Beastie Boys Can't Escape 'Paul's Boutique' Sampling Lawsuit
But here's why Michael Diamond, Adam Horovitz and the late Adam Yauch came out ahead anyway in a judge's ruling this week.
A New York judge won't let the Beastie Boys off the hook in an illegal sampling lawsuit brought by TufAmerica, which owns rights to the musical compositions of Trouble Funk, an R&B group from the '80s. The copyright infringement lawsuit was brought in May 2012 against various record companies and the Beasties' Michael Diamond, Adam Horovitz and the late Adam Yauch, who died a day before the complaint was filed.
Nearly a year-and-a-half later, the lawsuit survives, although a close reading of U.S. District Judge Alison Nathan's ruling denying a motion to dismiss reveals why the defendants should be happy with the outcome at this stage. Although Judge Nathan says there's enough in the allegations to allow two song samples to be tested further in her courtroom, she dismisses four others. And perhaps more importantly, the judge applies a copyright rule that will limit the defendants' liability in this matter to just the very recent past.
The Beastie Boys released Paul's Boutique in 1989, and immediately its Dust Brothers' produced sound collage was hailed by critics. It was widely known at the time that the album contained multiple samples, but all the sources weren't immediately clear. In TufAmerica's original complaint, the plaintiff stated that "only after conducting a careful audio analysis" was it able to "determine" that the Beastie Boys had sampled its music.
That allegation raised a provocative issue: If the copying was so minimal as to avoid detection, was the appropriation sufficiently substantial to be deemed an infringement?
TufAmerica tried to avoid this question by amending the complaint to remove the language noted above, but the defendants pushed the judge to view the revision as a revealing admission.
In the end, Judge Nathan says it doesn't matter. She writes that "the focus of the relevant inquiry is on whether the samples taken from the Trouble Funk songs constitute a substantial portion of the original song; it is not on the audibility or import of the Trouble Funk samples in the corresponding Beastie Boys' songs." (emphasis ours)
Having decided that it is irrelevant at this point to figure out whether listeners can discern the samples, she focuses on "whether the protectable elements of the samples are quantitatively and qualitatively significant to the original song."
She takes a look at six samples at issue and comes to differing conclusions. There's a one-second sample of the Trouble Funk song, "Say What," that is used on the Beastie Boys' "Shadrach," and even though it's just a second, the judge notes, "This is not simply a phrase in the song, but rather the title phrase of the song." In other words, it's qualitatively significant.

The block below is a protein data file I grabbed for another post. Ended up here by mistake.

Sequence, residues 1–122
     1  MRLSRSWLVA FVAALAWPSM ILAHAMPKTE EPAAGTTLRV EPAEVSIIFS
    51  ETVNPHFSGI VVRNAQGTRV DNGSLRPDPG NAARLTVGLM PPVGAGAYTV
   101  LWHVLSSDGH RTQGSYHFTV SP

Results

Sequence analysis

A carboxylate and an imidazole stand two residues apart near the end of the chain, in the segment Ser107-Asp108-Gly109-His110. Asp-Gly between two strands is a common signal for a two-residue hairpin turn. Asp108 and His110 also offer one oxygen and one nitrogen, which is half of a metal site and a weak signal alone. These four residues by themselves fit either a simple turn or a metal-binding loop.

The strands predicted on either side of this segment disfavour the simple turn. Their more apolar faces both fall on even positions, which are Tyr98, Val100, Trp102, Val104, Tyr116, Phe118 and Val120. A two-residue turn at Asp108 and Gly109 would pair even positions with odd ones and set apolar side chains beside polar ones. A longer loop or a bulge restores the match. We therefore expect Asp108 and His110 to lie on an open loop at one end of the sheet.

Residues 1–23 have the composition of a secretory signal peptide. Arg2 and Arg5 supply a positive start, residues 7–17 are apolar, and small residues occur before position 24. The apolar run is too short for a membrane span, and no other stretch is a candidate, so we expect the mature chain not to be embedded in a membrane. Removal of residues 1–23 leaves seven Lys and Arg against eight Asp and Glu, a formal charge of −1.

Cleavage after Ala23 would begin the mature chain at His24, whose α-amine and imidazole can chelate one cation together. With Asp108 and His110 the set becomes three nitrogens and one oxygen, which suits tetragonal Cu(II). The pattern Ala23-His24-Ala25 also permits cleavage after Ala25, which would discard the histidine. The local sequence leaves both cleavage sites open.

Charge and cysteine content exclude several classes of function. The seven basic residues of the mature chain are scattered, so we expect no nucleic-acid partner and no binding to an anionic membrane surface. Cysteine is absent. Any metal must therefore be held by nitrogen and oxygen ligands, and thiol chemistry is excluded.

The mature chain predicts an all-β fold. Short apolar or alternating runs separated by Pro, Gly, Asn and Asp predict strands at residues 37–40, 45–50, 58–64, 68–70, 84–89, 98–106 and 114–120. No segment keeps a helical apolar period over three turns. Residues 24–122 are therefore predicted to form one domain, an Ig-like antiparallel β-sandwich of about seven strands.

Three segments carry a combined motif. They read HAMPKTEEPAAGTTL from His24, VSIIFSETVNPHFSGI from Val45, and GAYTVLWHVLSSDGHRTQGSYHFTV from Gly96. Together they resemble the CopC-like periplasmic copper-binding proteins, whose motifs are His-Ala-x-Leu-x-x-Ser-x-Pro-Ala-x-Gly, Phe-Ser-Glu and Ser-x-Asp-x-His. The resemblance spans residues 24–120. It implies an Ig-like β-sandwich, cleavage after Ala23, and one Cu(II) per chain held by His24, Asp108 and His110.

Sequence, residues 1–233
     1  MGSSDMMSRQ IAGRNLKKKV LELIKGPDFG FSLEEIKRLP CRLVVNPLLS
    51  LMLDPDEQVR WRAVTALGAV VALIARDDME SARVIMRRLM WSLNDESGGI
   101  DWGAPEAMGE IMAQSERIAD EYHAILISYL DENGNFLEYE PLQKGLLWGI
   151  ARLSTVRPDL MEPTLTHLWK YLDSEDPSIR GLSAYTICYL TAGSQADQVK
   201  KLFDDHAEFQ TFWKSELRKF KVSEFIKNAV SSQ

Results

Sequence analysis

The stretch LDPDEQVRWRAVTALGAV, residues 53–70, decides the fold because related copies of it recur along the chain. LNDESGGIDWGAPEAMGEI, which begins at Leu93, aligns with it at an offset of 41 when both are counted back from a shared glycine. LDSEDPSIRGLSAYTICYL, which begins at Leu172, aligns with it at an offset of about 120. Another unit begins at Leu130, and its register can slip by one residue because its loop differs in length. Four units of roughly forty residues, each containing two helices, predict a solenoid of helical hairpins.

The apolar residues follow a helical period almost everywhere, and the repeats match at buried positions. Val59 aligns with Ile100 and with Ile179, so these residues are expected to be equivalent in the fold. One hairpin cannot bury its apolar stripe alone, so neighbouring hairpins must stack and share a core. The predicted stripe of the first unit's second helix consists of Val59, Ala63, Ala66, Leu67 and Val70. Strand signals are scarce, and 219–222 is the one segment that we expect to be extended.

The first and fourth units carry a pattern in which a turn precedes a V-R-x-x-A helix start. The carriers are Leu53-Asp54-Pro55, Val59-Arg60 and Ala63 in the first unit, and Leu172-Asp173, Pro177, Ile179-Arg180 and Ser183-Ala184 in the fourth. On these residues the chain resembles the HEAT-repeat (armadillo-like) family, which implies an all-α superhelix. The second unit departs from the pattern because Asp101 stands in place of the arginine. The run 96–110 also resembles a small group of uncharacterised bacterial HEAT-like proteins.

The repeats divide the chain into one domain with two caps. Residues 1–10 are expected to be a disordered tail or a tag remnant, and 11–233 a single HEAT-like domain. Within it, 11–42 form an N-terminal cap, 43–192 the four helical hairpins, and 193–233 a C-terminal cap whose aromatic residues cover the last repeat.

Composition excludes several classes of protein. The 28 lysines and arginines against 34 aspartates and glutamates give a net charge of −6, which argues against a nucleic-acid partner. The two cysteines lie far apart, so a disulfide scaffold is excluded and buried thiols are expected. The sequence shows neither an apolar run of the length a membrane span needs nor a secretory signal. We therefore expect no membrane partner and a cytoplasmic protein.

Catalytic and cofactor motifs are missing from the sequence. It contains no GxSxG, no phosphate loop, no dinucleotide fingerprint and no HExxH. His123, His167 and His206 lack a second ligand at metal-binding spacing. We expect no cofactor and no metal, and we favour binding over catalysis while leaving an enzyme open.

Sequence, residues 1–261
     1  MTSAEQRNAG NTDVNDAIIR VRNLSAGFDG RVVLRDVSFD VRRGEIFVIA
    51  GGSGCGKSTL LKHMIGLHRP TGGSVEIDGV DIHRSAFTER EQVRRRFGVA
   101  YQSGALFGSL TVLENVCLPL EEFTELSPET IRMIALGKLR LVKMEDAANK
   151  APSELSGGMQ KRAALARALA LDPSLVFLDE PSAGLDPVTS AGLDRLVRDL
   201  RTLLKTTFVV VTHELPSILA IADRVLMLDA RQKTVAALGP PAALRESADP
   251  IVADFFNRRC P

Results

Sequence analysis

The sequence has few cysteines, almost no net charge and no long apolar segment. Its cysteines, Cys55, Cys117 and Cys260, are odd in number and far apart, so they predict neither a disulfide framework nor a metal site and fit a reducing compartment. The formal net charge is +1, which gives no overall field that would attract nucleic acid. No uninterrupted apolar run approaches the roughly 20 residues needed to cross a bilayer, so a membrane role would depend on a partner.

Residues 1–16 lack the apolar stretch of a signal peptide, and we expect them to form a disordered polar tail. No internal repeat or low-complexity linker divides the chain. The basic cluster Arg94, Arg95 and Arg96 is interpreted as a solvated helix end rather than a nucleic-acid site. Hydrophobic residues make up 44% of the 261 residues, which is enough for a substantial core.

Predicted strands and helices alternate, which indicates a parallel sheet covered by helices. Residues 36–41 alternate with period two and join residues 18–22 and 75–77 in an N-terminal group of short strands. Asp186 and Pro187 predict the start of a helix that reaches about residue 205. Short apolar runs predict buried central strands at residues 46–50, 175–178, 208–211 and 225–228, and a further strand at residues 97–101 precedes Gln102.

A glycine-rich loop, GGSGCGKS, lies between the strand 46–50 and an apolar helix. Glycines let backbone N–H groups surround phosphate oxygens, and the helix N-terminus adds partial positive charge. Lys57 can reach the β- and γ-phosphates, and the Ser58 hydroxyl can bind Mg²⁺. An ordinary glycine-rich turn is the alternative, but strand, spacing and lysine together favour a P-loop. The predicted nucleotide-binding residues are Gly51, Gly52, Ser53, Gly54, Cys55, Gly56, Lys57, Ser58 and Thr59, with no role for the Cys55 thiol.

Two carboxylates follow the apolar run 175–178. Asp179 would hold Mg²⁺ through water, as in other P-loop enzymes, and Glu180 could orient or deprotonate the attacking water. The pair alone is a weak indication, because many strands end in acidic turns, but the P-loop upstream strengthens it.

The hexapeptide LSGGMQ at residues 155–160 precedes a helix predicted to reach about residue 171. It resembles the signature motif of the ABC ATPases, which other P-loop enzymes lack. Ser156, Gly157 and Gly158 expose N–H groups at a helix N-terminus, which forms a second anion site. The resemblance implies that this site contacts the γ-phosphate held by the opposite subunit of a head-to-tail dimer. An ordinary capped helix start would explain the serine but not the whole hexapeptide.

Then there's a sample from Trouble Funk's "Let's Get Small" used on the Beastie Boys' "Hold It Now Hit It." The sample accounts for 51 seconds of the original song. The plaintiff conceded that the Beasties took it from the recording rather than the composition, and rather surprisingly, Judge Nathan says she "cannot conclude from the papers before it or the songs themselves that the chord is not copyrightable."
But that's where TufAmerica's victories end.
The judge throws out claims that the Beastie Boys sampled Trouble Funk's "Drop the Bomb" for three different songs on Paul's Boutique. One claim was rejected because the sound effect played "often accompanies a visual image of a falling object in cartoons or movies" and doesn't qualify as being original enough; a second because a three-second drumbeat wasn't deemed as significant to the original song; and a third (a six-second piece of music) for the same reason.
But the defendants' biggest score was getting the judge to apply something known in copyright circles as the "injury rule" rather than the "discovery rule." Each has its advantages and disadvantages for plaintiffs. While it's easier to bring a claim under the "injury rule" because it allows plaintiffs to bring claims within three years of the latest act of infringement instead of three years from first knowledge of an infringement, it's less generous on potential damages. TufAmerica can now only potentially collect on infringing acts made after May 12, 2009.
That's three years before the lawsuit was filed. Paul's Boutique came out 20 years before that date and one would assume that a good deal of its financial success came when it was freshest. Of course, the album experienced a renewed surge of popularity upon the death of Yauch, who saw neither the postmortem tributes nor this lawsuit. But as "MCA" rests in peace, his bandmates can take solace in the fact that an album that's reported to have sampled 105 different songs is facing claims on just two of them -- and only for very recent exploitation.